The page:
Friction is the force resisting the relative motion of solid surfaces, fluid layers, and material elements sliding against each other. There are several types of friction:
Dry friction is a force that opposes the relative lateral motion of two solid surfaces in contact. Dry friction is subdivided into static friction ("stiction") between non-moving surfaces, and kinetic friction between moving surfaces. With the exception of atomic or molecular friction, dry friction generally arises from the interaction of surface features, known as asperities (see Figure 1).
Fluid friction describes the friction between layers of a viscous fluid that are moving relative to each other.Lubricated friction is a case of fluid friction where a lubricant fluid separates two solid surfaces.Skin friction is a component of drag, the force resisting the motion of a fluid across the surface of a body.
Internal friction is the force resisting motion between the elements making up a solid material while it undergoes deformation.When surfaces in contact move relative to each other, the friction between the two surfaces converts kinetic energy into thermal energy (that is, it converts work to heat). This property can have dramatic consequences, as illustrated by the use of friction created by rubbing pieces of wood together to start a fire. Kinetic energy is converted to thermal energy whenever motion with friction occurs, for example when a viscous fluid is stirred. Another important consequence of many types of friction can be wear, which may lead to performance degradation or damage to components. Friction is a component of the science of tribology.
Friction is desirable and important in supplying traction to facilitate motion on land. Most land vehicles rely on friction for acceleration, deceleration and changing direction. Sudden reductions in traction can cause loss of control and accidents.
Friction is not itself a fundamental force. Dry friction arises from a combination of inter-surface adhesion, surface roughness, surface deformation, and surface contamination. The complexity of these interactions makes the calculation of friction from first principles impractical and necessitates the use of empirical methods for analysis and the development of theory.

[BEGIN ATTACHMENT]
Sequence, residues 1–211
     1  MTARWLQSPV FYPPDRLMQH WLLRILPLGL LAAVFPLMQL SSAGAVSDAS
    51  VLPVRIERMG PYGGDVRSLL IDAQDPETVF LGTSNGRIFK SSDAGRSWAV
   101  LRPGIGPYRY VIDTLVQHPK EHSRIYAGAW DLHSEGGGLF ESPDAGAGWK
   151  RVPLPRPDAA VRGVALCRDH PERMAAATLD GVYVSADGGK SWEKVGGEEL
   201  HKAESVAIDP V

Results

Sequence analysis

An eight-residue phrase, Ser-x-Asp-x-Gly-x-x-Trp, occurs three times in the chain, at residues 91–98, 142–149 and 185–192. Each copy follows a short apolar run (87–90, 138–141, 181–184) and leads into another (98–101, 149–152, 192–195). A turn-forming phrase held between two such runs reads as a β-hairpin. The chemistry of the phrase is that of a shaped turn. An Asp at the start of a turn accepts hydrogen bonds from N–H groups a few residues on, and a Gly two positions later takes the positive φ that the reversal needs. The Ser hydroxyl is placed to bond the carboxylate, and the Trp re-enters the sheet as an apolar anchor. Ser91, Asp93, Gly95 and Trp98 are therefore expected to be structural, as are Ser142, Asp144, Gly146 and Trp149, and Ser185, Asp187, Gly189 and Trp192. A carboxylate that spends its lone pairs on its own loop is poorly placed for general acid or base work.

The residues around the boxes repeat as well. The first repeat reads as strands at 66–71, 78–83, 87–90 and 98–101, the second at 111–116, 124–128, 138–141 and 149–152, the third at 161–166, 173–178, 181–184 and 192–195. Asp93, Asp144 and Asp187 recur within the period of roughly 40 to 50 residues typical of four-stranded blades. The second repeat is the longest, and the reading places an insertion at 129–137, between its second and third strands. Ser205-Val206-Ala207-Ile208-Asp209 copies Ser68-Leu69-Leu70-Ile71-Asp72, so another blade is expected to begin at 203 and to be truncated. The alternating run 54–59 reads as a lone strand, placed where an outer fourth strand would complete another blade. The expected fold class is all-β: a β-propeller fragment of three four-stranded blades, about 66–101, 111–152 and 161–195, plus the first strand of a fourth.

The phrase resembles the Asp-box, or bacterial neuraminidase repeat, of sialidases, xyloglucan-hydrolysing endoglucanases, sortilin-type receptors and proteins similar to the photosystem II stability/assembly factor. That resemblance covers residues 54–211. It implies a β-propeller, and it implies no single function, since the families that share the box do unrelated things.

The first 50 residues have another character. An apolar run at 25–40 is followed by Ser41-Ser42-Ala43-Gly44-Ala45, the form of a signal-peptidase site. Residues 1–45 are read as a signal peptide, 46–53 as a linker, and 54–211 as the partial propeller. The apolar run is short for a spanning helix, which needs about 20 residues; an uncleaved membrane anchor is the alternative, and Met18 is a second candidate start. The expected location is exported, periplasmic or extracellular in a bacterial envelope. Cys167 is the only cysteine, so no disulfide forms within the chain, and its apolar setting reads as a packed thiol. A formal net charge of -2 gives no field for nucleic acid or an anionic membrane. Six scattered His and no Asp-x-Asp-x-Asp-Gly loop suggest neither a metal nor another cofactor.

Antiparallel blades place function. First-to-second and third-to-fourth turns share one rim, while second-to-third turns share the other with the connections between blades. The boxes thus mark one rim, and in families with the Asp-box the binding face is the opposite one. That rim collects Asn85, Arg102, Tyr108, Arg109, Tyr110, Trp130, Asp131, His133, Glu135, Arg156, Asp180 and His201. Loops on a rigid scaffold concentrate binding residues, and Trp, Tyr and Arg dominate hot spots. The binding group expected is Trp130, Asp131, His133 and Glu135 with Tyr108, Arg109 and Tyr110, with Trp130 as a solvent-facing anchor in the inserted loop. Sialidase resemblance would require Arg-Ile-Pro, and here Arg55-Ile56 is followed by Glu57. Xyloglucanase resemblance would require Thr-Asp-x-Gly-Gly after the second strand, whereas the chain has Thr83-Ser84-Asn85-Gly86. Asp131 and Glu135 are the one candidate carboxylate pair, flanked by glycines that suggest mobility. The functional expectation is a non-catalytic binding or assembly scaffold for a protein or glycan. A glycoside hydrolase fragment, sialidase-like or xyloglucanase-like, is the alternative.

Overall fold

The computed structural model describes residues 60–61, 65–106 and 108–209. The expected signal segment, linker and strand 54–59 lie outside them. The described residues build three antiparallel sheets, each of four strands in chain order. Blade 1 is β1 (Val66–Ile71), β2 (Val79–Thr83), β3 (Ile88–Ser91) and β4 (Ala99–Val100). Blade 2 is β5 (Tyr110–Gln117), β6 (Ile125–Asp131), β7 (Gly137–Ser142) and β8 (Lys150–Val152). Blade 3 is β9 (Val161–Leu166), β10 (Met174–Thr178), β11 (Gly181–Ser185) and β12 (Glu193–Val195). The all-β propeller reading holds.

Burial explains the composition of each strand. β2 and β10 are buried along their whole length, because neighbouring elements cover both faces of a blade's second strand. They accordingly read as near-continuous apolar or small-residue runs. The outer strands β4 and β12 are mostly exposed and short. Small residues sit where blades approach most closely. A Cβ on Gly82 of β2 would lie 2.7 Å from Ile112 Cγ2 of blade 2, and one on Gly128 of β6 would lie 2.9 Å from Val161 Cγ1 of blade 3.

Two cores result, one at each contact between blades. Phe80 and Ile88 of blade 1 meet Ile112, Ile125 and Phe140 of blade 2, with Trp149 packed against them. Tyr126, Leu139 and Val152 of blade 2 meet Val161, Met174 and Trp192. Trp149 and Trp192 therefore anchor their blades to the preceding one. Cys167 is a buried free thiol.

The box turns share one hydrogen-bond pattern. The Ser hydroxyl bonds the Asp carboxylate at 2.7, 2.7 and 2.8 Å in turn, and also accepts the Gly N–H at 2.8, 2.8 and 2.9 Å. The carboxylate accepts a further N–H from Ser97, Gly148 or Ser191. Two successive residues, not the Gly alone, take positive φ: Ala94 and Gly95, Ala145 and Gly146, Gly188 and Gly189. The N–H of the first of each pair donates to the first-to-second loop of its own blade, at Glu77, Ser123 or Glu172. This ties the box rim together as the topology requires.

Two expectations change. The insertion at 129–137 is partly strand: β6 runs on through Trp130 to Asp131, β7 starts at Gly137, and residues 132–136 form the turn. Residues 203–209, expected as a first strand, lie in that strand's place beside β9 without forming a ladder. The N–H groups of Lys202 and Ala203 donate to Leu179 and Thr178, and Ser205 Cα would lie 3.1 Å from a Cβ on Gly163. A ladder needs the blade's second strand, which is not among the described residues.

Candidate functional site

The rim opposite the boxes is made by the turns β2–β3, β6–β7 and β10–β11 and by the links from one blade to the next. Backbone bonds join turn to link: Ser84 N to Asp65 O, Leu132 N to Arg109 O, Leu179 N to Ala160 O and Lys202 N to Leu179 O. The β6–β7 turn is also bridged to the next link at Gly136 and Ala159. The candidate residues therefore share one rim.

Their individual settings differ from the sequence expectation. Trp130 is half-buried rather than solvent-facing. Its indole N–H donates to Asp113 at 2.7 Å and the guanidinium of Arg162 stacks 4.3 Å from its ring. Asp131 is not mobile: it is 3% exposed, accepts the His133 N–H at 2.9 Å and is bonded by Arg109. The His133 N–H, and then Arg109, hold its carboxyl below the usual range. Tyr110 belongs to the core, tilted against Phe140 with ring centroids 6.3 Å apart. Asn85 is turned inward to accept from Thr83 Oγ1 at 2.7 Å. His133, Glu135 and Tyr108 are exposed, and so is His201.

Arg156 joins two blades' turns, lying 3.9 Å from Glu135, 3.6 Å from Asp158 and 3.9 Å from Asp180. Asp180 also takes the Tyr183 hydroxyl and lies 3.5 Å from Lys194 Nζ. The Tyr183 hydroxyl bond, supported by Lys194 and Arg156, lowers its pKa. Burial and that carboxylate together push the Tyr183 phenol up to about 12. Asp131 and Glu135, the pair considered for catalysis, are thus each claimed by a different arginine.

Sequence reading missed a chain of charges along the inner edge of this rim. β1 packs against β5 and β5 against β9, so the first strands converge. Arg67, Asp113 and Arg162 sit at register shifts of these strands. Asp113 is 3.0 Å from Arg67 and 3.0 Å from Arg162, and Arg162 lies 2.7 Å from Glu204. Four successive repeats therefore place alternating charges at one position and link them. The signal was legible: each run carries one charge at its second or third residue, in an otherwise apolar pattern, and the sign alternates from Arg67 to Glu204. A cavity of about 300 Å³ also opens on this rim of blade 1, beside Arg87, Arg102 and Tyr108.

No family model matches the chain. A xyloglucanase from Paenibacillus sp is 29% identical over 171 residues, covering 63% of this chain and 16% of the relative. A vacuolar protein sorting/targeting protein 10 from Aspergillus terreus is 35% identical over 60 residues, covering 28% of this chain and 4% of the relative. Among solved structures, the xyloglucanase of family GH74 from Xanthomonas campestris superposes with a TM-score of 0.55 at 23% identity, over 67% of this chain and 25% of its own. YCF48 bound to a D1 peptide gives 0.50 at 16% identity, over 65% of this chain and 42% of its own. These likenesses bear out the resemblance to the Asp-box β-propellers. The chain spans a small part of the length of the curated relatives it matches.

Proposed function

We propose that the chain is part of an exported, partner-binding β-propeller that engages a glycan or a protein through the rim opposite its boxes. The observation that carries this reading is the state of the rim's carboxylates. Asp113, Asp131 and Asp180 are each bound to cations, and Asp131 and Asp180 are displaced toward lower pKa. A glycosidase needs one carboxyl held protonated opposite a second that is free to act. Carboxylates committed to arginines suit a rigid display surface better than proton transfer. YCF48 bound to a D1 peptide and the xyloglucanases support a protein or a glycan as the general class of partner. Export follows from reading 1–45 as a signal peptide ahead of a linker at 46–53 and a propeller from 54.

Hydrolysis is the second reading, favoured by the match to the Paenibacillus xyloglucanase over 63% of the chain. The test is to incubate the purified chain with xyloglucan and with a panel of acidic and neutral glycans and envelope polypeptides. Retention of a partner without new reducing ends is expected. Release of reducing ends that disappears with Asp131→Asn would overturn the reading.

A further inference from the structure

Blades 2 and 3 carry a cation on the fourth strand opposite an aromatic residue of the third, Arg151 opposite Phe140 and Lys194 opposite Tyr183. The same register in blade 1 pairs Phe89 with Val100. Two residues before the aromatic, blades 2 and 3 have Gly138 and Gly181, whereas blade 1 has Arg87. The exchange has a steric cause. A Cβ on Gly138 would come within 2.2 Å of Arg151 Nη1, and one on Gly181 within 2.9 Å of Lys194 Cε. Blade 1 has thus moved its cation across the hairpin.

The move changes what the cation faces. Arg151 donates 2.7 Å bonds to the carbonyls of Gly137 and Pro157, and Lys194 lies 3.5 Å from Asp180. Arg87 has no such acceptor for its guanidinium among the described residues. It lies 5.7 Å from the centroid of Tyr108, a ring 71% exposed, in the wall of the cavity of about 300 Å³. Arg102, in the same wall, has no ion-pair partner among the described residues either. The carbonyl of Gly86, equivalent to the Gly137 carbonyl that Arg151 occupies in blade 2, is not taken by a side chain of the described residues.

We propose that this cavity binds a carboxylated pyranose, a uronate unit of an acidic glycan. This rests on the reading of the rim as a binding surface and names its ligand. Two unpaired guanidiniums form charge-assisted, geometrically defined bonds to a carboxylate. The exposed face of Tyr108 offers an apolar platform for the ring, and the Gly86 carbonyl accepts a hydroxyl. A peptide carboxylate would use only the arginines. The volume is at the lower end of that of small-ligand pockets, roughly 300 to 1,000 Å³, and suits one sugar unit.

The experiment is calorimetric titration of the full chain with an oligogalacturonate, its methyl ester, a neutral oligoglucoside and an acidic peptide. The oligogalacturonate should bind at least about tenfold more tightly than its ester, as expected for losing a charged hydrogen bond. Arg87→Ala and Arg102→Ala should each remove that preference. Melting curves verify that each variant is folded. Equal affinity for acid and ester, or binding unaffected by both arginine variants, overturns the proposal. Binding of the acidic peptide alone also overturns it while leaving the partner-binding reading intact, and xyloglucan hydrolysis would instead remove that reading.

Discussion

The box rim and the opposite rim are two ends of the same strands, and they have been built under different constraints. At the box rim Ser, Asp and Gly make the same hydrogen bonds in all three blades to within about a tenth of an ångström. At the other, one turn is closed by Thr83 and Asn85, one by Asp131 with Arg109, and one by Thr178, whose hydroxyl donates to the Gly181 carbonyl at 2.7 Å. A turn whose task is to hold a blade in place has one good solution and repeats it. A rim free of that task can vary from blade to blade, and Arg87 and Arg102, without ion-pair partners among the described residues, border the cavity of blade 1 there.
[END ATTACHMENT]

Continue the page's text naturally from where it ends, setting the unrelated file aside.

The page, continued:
Friction is a non-conservative force – work done against friction is path dependent. In the presence of friction, some kinetic energy is always transformed to thermal energy, so mechanical energy is not conserved.
I first attempted to solve the problem by ##A_{ext} = \Delta E_{mech} = F_{ext}s##. Here, ##F_{ext} = F_{friction}## and ##\Delta E_{mech} = E_{k2} + E_{p2} - E_{k1}##. We obtain then the following equation: $$F_{friction} = (m((v_2)^2 - (v_1)^2))/2h + mg,$$where ##v_1## is the velocity at time...
I thought that the maximum force on the block in the x direction would be the point where the ball crosses the plane of center and thus frictional force would be maximum, and if the block does not slip in that case then it never will slip as the value of force in x direction only decreases...
I think the angular velocity keep increasing on the plane with friction and the translational velocity keep decreasing due to friction while the total kinetic energy is conserved. When it moves to the frictionless plane, all energy converts to translational kinetic energy and it stop rolling...
I've been studying rolling motion for a bit and I realized that there's another hole in my knowledge. Let's say that we have a wheel rolling down an inclined plane. Let's assume that the wheel accelerates down the inclined plane. We can look at the motion of the wheel as if it is moving on a...
I have a problem like above. A is fixed, B is fixed in Y direction and C is placed on B. Theta, h, w and m are known input parameters. If an increasing force is applied on B towards -ve x direction, I want to determine whether C is slide or flip over. Before slide or flip happened, I believe I...